For the first time ever, Pantone picked two complementary colors as its Color of the Year for 2016. Serenity (Pantone 15-3919) and Rose Quartz (Pantone 13-1520) play off each other to achieve balance in a world that seems perpetually divided in myriad ways.
But what goes into the selection process, and how can you strike a balance between the desire to always want something new with also wanting things to last longer and be less disposable?
According to Leatrice Eiseman, executive director of the Pantone Color Institute, her group doesn’t just appoint the Color of the Year. The selection is actually the end result of a detailed global investigation of which colors are already ascending naturally and how those colors are being received.
This search includes finding the colors coming forward across disparate reference points, such as symbols of upcoming events, like the colors of an Olympics host city; artist retrospectives in museums; movies; animated films; television; fashion; and technology.
“What we do is try to read the pulse of the public, so to speak,” Eiseman says. “What are people asking for? What are they saying their needs are? What are they hoping for? What are their aspirations? We try to then pick out a color that speaks to that cultural reaction to color, the collective consciousness’s reaction to color, and the psychological and emotional impact.”
The colors selected by Pantone are determined in that balance between what is happening with colors naturally and the emotional desires of the public.
“With the response from the public, and with all the turmoil that is going on in the world around us, with people wanting something that is going to be relaxing and soothing and supportive and embracing,” Eiseman says, “we felt the Rose Quartz and the Serenity were the two colors that really brought together a sense of balance: one warm, one cool.”
But with more people trying to move away from supporting a disposable society that’s constantly fixated on the new, Eiseman says the point isn’t to immediately reupholster your (2015 Color of the Year) Marsala couch, but rather to strike a balance between longevity and trends.
She uses the analogy of someone who bought gray dishes in an effort to be responsible and pick a neutral tone. They won’t go out of style; they were a good investment; and there’s no reason you need to get rid of them.
“At the same time, we know that the human eye is titillated by novelty,” she says. “If you use those gray dishes every time you have friends over or you sit down to dinner, give it three years, and you’ll look at it and say, ‘Oh, you know, I’m having a party. I need to do something to spark the table up.’ That’s when you start to look for the trend colors, even though you might have some concern about the longevity.”
So, keep the gray dishes, but when you feel it is time for a change, explore new stemware, glassware, or chargers in a trend color, which adds a new look to the table while also freshening up the feel of the gray dishes. Another thing to think about when it comes to new motifs is to explore patterns.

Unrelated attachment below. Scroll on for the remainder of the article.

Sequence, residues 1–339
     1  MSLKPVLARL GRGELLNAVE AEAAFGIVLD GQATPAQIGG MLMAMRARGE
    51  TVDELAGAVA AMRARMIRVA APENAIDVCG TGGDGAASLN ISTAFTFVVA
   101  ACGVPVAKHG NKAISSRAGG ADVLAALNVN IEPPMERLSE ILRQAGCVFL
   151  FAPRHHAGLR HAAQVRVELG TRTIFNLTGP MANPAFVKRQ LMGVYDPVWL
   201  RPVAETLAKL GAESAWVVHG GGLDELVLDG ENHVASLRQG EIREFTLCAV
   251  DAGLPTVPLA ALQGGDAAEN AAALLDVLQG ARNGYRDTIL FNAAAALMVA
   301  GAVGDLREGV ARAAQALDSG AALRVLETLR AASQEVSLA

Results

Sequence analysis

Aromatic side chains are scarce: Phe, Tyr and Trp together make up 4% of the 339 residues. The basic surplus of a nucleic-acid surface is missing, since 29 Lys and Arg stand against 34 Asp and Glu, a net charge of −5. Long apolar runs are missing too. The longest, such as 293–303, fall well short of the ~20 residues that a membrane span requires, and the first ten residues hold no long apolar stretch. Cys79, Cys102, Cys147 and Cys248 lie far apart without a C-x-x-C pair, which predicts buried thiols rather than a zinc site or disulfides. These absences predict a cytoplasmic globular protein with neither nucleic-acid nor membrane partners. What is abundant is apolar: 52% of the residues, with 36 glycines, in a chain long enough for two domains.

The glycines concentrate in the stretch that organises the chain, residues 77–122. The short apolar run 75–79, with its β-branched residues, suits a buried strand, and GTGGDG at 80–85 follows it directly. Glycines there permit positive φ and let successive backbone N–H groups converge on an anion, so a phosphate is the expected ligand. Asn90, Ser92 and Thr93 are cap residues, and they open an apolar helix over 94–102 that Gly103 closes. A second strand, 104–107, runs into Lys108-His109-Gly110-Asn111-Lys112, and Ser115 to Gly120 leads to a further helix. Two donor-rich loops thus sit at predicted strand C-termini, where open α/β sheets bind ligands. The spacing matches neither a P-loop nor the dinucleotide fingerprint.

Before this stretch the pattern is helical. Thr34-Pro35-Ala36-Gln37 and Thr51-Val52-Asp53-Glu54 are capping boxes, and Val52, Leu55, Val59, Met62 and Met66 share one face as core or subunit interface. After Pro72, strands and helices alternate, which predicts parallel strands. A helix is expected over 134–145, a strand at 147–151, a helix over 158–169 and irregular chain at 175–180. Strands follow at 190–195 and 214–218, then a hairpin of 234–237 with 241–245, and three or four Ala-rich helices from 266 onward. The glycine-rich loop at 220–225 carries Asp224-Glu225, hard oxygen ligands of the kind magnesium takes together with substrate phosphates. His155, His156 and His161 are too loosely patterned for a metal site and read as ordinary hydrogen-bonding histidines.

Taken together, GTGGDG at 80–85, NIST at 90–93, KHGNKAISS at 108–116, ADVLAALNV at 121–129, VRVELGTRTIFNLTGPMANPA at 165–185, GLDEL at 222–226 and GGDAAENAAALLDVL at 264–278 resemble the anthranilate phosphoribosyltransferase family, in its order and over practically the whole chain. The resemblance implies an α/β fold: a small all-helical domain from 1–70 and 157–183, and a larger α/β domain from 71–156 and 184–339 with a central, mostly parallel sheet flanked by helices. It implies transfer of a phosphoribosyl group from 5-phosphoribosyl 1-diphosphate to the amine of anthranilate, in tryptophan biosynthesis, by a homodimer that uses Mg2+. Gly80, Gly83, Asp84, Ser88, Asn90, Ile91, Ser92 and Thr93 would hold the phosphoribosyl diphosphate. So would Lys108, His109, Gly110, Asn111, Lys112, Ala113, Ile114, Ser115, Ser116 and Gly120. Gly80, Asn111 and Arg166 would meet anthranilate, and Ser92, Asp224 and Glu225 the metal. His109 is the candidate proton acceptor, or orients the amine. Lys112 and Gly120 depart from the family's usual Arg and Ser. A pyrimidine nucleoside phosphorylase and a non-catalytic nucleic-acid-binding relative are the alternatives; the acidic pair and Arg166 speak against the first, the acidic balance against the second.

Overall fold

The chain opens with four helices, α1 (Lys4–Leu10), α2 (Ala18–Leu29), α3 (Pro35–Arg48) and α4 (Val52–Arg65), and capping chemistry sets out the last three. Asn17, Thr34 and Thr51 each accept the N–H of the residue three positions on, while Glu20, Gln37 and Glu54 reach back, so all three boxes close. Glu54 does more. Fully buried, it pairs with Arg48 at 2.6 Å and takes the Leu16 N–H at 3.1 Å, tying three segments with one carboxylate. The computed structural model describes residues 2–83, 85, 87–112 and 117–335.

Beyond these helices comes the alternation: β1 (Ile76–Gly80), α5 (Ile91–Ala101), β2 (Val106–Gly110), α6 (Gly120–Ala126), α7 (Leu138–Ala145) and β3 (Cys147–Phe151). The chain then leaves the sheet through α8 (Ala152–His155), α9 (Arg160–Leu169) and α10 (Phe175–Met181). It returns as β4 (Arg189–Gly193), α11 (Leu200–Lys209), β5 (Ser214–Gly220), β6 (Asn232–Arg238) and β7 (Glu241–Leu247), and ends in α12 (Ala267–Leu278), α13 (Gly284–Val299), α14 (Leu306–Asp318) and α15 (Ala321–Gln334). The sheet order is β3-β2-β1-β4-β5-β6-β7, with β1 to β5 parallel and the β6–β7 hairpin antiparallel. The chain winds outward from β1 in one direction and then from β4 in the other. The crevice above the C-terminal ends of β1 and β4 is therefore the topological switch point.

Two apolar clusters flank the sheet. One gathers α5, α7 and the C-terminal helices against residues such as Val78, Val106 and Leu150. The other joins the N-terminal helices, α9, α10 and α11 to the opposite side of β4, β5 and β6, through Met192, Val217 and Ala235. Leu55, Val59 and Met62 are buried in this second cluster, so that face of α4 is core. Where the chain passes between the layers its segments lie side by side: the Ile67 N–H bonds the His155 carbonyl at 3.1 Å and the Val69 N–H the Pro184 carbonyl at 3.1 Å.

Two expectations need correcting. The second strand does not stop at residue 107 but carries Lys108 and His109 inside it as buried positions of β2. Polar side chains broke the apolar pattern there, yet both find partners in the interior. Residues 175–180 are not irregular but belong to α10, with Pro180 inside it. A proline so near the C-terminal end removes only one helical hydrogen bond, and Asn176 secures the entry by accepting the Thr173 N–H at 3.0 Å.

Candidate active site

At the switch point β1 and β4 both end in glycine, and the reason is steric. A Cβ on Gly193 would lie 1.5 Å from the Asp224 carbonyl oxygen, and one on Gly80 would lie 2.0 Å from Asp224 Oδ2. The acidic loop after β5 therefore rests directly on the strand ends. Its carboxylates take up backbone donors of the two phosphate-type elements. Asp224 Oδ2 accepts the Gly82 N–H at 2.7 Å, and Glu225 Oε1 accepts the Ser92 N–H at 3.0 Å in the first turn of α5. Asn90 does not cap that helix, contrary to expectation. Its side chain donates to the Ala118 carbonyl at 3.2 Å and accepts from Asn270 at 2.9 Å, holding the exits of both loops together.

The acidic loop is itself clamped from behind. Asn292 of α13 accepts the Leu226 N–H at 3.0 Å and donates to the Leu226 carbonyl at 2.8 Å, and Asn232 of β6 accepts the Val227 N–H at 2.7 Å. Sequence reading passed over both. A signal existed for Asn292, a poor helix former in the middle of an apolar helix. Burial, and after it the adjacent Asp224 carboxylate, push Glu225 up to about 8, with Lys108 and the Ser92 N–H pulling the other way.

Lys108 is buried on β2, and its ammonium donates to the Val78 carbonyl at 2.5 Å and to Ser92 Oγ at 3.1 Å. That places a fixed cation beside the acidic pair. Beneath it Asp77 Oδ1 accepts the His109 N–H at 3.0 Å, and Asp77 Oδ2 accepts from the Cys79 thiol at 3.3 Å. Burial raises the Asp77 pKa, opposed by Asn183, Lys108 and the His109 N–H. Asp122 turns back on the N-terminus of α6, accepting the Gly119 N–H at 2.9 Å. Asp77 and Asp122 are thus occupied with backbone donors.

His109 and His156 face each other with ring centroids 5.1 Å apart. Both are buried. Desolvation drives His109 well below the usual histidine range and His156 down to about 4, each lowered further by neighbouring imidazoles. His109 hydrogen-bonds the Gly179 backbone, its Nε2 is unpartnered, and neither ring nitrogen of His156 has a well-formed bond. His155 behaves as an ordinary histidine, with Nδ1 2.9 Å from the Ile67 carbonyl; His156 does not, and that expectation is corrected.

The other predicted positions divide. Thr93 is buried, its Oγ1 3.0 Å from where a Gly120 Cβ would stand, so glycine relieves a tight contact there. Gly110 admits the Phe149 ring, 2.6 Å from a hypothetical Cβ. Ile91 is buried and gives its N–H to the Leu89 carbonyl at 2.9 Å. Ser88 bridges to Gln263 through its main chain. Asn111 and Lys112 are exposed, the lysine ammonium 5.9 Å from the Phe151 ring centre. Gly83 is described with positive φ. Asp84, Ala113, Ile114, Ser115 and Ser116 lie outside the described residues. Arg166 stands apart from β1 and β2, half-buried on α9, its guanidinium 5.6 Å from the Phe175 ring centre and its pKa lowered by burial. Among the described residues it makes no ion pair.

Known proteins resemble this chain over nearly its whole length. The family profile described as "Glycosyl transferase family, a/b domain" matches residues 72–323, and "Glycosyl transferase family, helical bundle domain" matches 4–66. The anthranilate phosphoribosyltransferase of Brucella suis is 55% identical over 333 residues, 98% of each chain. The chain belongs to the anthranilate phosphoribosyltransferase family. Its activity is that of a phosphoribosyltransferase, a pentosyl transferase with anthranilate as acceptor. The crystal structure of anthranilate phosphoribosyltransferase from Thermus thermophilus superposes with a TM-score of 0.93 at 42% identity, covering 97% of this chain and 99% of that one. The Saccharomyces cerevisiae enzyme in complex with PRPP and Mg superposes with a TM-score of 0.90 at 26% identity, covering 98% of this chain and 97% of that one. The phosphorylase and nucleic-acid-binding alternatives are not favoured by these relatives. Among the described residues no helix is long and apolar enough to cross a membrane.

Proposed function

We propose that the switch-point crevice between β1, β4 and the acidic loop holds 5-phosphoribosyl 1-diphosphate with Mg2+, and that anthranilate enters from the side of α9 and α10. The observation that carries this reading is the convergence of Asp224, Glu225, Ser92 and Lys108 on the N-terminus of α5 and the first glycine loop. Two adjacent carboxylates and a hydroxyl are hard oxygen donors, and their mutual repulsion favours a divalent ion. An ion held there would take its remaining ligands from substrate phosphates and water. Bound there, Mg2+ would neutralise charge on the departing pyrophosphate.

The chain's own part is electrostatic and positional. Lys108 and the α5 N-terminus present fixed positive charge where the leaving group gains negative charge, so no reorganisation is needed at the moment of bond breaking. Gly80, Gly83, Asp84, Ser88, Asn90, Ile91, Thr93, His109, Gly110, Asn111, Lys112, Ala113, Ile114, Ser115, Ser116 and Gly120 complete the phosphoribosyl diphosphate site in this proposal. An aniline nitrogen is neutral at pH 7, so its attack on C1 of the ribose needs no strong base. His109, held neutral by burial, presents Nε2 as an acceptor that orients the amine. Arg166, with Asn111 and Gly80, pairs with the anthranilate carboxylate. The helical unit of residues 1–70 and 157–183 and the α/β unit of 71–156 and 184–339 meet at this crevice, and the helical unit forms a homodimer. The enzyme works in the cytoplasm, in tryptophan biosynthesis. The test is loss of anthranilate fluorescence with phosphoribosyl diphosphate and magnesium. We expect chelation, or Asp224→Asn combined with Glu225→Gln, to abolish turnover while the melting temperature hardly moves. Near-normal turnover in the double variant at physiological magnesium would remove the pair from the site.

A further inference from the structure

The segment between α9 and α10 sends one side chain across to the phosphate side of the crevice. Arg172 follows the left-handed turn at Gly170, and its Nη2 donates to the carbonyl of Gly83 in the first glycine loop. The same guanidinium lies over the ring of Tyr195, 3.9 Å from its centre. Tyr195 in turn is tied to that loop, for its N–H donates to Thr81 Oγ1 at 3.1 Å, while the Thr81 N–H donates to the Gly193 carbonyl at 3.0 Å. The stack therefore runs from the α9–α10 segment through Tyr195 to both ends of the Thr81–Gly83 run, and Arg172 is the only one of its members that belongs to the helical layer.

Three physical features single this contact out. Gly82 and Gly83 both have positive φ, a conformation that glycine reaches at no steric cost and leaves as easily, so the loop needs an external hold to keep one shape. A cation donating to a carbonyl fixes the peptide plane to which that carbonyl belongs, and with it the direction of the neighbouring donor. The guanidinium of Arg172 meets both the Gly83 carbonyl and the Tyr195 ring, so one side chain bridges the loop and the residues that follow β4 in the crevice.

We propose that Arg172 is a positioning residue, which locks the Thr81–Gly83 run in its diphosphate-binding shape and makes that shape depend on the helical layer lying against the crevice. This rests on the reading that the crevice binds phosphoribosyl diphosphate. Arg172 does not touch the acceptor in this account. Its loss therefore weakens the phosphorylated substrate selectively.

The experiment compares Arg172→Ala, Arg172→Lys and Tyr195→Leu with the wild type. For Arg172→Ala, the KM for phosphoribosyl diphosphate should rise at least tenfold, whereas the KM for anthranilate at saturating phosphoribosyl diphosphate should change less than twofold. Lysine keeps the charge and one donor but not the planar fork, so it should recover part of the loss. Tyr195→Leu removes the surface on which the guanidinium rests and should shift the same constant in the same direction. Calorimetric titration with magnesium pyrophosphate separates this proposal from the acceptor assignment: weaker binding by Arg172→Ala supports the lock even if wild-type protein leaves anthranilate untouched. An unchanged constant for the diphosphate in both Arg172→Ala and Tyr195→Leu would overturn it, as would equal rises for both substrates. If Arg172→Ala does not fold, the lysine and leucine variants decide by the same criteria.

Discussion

“We rarely use color just in blocks of color,” she says. “There’s going to be a pattern or trend or some design that’s going to enter into the scheme. If you really sit down and analyze some of your prints and patterns, you may find that there is a pattern already coordinating the two new colors, as well as the gray.”
Another easy way to explore color is to add some paint to the walls, which is much cheaper than reupholstering sofas or buying new carpeting or table accessories.
“Even though it’s not as inexpensive as it used to be, when you compare it to the price of other similar products, it’s still a less expensive way to go,” Eiseman says. “If you have not only the gray dishes but gray furniture in your living room and you’re looking to make it look fresher, cleaner, and newer, maybe just one impact wall behind the gray sofa done in Serenity Blue might be the ticket. And if you get tired of it in a couple of years, another can of paint, and you’ve got it covered.”
And how does Eiseman react to having to not only stump for each color each year but also embody it personally when she goes out to speak in her own fashion and accessories?
“It’s a work hazard,” she says, laughing. “It’s a terrible thing to have to go out and shop for clothes because you have to wear them for your job! I love it, of course; I love the challenge. And we get very clever about how we do it. I’ve been known to get some nail polish out and change the frames on my glasses to the color of the year. That’s a quick, down-and-dirty way to do it. It makes you very inventive. You go into thrift shops, and you look at ways it was used before, and you have fun with vintage, and it just unleashes all kinds of fun as far as color is concerned.”
Ultimately, though, color trends don’t cycle every two months. Even Eiseman recalls getting a recent Christmas catalog from a retailer and seeing a lot of Marsala still being prominently displayed.
“So, it’s definitely out there—it lasts, and it doesn’t fall off the end of the earth next year,” she says. “What is most interesting that I see is integrating the colors from the years before. It unleashes the creativity. And, to me, that’s the name of the game. If it empowers people to try combinations they haven’t tried before, or if it starts a conversation about color, that to me is the most important thing. That engages people and gets their creative juices going.”